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The Boston Phoenix Car Tunes

Verbena's drive-time rock

By Richard Martin

AUGUST 30, 1999:  What do Gene Kelly, Barney Rubble, and Kurt Cobain have in common? Besides their all being icons of past eras, male, and fashion-savvy, each in his day weighed in on the nuances of singing as an accompaniment to an unrelated activity. Kelly made singing in the rain cool, a suave and solitary expression of inner peace. Fred Flintstone's diminutive sidekick couldn't sing on key under threat of expulsion from Bedrock, but he also found wetness an occasion to croon; when he set foot in the tub, the flowing water transformed him into the golden-toned Caruso of cleanliness. Cobain, already embittered by an audience that didn't "get" him, chided the guy who "likes to sing along though he don't know what it means" during the vitriolic chorus of "In Bloom."

It's unfortunate that Cobain didn't think this through, because the music fan inside him should have comprehended the joys of driving around and singing along to a favorite song, rather than assailing a certain type of person for doing so. Besides, he missed his target: around the time Nevermind came out, I saw a guy behind the wheel of a Saab convertible singing along merrily to "In Bloom."

I found my favorite album to sing along to about two years ago, when a friend turned me onto Verbena. The Birmingham (Alabama) trio's debut full-length, Souls for Sale, had just been released on a label I generally trusted, Merge, though more for tuneful indie rock than for searing and cross-pollinated rock and punk. Souls for Sale flaunted the necessary ingredients of car music: the swaggering drawl of the vocalist, the self-absorbed guitar work, the unflinchingly rhythmic drumming, and the vaguely empowering and open-to-interpretation lyrics. "I'm in love with the size of the desert," Scott Bondy sang amid a torrent of hooks, then added, puzzlingly: "Never seen it but I love to kiss a cactus."

The band's allusions to the Stones, the Stooges, and Nirvana could have been viewed as smug or calculating, but Bondy and his female foil Anne Marie Griffin cut right through any comparisons. The two gnashed their voices, offhandedly stitching a homespun Southern charm into each familiar-sounding riff or tune, somehow making the end result sound gritty, dirty, and often downright sexual.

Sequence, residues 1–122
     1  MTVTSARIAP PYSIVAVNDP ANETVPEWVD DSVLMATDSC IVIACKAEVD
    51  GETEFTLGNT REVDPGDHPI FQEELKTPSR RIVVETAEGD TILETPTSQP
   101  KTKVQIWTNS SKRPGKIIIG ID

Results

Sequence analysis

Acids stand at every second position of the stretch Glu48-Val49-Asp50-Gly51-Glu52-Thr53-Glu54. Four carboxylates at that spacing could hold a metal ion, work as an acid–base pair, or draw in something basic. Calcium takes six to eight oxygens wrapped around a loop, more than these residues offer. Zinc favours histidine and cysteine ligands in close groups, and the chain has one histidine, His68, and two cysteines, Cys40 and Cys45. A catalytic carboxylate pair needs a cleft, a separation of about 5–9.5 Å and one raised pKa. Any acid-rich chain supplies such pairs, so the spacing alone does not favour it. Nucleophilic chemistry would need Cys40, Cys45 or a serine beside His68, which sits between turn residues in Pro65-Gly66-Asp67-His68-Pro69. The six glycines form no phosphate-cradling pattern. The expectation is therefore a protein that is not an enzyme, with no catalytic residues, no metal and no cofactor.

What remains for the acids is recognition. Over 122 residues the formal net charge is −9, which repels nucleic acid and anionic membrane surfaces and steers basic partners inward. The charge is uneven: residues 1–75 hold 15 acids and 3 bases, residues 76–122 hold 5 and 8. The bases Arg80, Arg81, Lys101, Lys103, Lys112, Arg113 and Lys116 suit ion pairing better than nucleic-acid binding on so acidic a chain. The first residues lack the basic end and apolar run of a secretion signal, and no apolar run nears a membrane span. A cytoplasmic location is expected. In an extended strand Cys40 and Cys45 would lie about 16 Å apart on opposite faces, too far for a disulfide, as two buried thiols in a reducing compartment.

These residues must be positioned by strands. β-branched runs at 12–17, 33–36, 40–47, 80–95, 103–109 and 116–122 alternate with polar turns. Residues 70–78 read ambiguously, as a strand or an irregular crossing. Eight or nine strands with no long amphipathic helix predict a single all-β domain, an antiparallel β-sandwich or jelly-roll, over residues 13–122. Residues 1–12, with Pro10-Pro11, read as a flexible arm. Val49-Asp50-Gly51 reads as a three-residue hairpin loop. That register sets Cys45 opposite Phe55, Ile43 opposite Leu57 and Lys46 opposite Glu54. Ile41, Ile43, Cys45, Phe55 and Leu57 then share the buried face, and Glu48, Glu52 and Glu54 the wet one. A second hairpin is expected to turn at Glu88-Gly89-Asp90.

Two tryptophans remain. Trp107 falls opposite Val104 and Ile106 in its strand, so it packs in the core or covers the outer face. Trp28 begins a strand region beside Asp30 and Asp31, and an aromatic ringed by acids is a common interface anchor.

I've experienced not one but several epiphanies while driving down some barren highway and blaring Souls for Sale from my car stereo, straining my vocal cords to join Bondy and Griffin in the naughty blues rawk of "Junk for Fashion," the beatific dirge "Postcard Blues," and the surging, "Hey, Come On." This last opens with the singers sounding as if they were on a staticky AM radio, then extends an invitation to get in the car, then blasts off into irresistible, egotistical grunge pop with the line "This song goes out to no one but me/But I'll try just to sing a little harder."

In short, Souls for Sale is a damn tough act to follow.

Three years later, Verbena pull back onto the highway with Into the Pink. Of course, things have changed: bassist Daniel Johnston (not the eccentric Austin singer/songwriter, in case you're wondering) is gone; they've signed with Capitol; and one of their staunchest fans, Foo Fighter Dave Grohl, produced the new record.

I didn't take any of these signs as positive at first notice. Neither did I rejoice when I put on an advance copy of Into the Pink and heard the reverb-heavy piano chords of the opening ballad, "Lovely Isn't Love." Almost frantically, I scrolled through to see whether they'd gone down an entirely different road. Drummer Les Nuby seemed more prominent -- not surprising given Grohl's input. The guitars sounded slicker, more insistent. But there was enough "there" there for me to give it a few more spins. In the car, with the volume cranked, Into the Pink revealed itself to be vintage Verbena, with Bondy and Griffin (and me) screaming on track three, "My baby my baby my baby got shot!" Then a sly Cobain-esque guitar and vocal moment to rev up "John Beverly." Then a smoky, sexy midtempo turn for "Prick the Sun," all Southern soulful and humid.

The downside: Into the Pink can be unrelenting. A couple of tracks veer into speed-metal territory more suitable for a souped-up suburban Camaro than the generic Ford that I drive. The facile stomp of "Submissionary" comes off too practiced for punk and not loose enough to be rock. It's a skeleton of a song.

But mediocre tracks can elevate in the context of a great album, an album with its own voice -- and Into the Pink comes close to being one. Verbena couldn't recapture the naïveté of Souls for Sale, so they went out and made something as unfashionable as a classic, or classic alternative rock album. It may just be the rock album of the year for people who've become jaded with rock.

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